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Sawatch Range – Collegiate Peaks

 
The Sawatch Range has many subdivisions that are typically based on their source of namesakes.  For instance Mt. Shavano, Tabeguache Peak, and Mt. Antero are typically known as the Indian Group.  The Collegiate Peaks of Mount Harvard and Mount Yale were named by a surveying expedition led by Harvard professor Josiah Whitney in 1869, and the others were later named.  The team was investigating rumors that there were peaks in the Rocky Mountains that soared above 17,000’ well above any others recorded in history.  Of course this is a fallacy, but the splendor of the Collegiate Peaks cannot be denied.  They seem to rise well above 14,000’ from the relatively low plains of the Arkansas Valley that dominates the land surrounding them.


3. Mount Harvard – 14,420’ – Although Mount Harvard was named by Harvard’s first Mining School led by Josiah Whitney the first recorded ascent wasn’t until 1869 by S.F. Sharpless and William M Davis.  Mount Harvard is relatively easy day hike for any level of hiker and can also be climbed in combination with Mount Columbia.  The two peaks together can be more rigorous and makes for a long day, so be prepared.   


18. Mount Belford – 14,197’ – Mount Belford is a fairly easy class 1/2 climb located near Mount Oxford and Missouri Mountain and they are often climbed in the same day.  Belford and Oxford are most commonly climbed together and is 11 miles with a 5,900’ elevation gain.  If you add Missouri to the mix then you have a 14 ½ mile hike with a 7,400’ elevation gain, make sure you are physically ready for such a long venture. 


20. Mount Princeton – 14,197’ - Mount Princeton was first climbed in 1877 by William Libbey a professor of physical geography at Princeton University.  However, it is likely that many miners ascended the peak for years prior.  The peak was named by one of Josiah Whitney’s students Henry Gannett of in 1873 during a governmental survey of the land.

Of the Collegiate Peaks this regal mountain is the most visible from the Arkansas Valley and seems to stand alone on the horizon.  The summit is highlighted by two glacial valleys on either side each leading to other peaks that also offer spectacular views.  The Chalk Cliffs on the southeast face of the mountain offer semi-technical climbing on otherwise non-technical terrain.  Mount Princeton can be climbed in winter, but requires you to have avalanche training and knowledge for a safe ascent.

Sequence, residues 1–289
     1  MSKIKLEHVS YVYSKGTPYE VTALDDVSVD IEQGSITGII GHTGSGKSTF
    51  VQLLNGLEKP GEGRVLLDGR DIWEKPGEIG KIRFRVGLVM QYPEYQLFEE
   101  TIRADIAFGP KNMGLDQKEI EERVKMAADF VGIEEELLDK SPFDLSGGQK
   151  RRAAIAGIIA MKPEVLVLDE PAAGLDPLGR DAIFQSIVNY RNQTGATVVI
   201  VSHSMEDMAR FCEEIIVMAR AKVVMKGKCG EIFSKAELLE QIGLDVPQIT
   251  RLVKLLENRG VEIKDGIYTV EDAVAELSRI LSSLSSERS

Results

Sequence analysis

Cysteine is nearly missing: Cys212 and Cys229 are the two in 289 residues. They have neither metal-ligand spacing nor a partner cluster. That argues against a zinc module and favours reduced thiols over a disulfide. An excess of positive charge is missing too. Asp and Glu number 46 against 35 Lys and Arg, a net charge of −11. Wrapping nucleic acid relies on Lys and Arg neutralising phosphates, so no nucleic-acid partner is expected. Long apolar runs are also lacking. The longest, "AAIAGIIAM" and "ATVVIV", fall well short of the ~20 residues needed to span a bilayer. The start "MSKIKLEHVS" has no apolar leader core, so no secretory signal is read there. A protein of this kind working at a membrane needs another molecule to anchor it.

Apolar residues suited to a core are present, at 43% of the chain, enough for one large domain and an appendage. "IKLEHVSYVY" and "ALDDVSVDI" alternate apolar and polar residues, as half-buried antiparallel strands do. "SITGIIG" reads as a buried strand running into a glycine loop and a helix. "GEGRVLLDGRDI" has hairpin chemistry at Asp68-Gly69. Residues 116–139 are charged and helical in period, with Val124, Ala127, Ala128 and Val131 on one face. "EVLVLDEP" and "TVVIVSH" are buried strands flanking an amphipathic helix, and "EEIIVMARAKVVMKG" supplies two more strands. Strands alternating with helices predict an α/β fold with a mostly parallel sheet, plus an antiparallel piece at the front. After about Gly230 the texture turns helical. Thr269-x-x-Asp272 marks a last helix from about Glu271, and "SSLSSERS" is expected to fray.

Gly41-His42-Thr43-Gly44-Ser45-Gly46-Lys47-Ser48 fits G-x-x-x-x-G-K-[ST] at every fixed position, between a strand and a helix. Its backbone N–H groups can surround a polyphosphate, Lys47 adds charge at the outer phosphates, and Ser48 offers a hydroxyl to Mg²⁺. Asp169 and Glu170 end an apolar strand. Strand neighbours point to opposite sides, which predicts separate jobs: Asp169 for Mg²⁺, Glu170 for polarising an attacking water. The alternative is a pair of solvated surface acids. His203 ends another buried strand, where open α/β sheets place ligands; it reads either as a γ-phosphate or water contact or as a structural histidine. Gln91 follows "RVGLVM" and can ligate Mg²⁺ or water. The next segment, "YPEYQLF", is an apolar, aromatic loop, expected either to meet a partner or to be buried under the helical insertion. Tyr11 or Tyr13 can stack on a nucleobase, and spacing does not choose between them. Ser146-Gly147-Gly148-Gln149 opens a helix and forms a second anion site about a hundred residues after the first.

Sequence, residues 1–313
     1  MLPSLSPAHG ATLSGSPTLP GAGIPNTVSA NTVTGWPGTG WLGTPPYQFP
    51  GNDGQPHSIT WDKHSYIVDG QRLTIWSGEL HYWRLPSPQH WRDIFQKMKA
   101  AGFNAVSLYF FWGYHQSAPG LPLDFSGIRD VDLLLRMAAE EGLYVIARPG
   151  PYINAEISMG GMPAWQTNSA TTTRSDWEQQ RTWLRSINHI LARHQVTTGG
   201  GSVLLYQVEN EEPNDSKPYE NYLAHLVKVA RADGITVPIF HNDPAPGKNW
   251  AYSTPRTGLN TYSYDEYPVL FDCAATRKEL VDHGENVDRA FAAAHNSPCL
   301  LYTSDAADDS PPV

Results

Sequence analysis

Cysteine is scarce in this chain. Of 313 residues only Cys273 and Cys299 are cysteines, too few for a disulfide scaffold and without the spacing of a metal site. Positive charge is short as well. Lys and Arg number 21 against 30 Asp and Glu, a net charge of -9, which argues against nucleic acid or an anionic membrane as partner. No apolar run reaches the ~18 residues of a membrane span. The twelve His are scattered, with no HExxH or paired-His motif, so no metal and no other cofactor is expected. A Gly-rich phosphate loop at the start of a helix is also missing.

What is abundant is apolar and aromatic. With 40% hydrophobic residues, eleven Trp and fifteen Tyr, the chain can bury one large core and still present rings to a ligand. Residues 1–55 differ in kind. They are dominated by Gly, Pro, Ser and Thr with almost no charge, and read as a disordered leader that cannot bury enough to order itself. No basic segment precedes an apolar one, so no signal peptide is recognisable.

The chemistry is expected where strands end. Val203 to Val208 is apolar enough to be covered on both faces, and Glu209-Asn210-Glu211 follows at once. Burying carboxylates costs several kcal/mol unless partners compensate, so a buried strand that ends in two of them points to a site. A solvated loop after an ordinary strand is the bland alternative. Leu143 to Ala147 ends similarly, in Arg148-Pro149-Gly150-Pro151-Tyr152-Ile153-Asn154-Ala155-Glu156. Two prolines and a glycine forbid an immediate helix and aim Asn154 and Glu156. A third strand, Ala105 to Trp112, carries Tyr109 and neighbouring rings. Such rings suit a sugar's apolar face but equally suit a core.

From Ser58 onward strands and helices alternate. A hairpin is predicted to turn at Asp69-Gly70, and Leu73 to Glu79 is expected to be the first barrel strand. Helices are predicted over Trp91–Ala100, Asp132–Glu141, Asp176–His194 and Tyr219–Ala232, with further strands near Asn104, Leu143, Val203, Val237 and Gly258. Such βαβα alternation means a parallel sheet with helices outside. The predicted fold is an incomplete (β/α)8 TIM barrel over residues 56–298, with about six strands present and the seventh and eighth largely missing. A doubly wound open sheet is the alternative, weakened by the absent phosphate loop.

21. Mount Yale – 14,196’ – Mount Yale was named by Josiah Whitney and his class from Harvard University in 1869 in honor of Whitney’s alma mater.  Yale is a very good non-technical trainer mountain for anyone looking to get into the art of “bagging 14’ers.”  The terrain is fairly benign with the exception of much of upper part of the mountain is scree and boulder fields.


26. Mount Oxford – 14,153’ – As mentioned earlier Mount Oxford is usually climbed with Mount Belford and Missouri Mountain. The easiest route  to the summit is a class 1/2 climb with beautiful views and scenic pathways.  


35. Mount Columbia – 14,073’ – Its closest neighbor is Mount Harvard and is usually climbed in combination with its taller cohort.  There is a 2 mile ridge separating the two peaks, and although the climb is only a class 2 the ridge provides little protection from unpredictable Colorado weather.  Typically you should plan on hiking Mount Harvard first and last and only summiting Mount Columbia.  This is mostly due to the major erosion that has taken place on Mount Columbia.


36. Missouri Mountain – 14,067’ – Of the neighboring peaks Missouri Mountain is one of the only in the area that offers more technical climbs to its summit.  The Missouri Gulch Trailhead is a class 1 climb, but near the end you have choice of class 2, 3, or 4 routes.  Missouri Mountain is typically climbed on either the same or next day as its higher neighbors Mount Oxford and Mount Belford.  From the summit the Three Apostles and Ice Mountain can be viewed, and the descent is a fun scramble down a scree field.    

 


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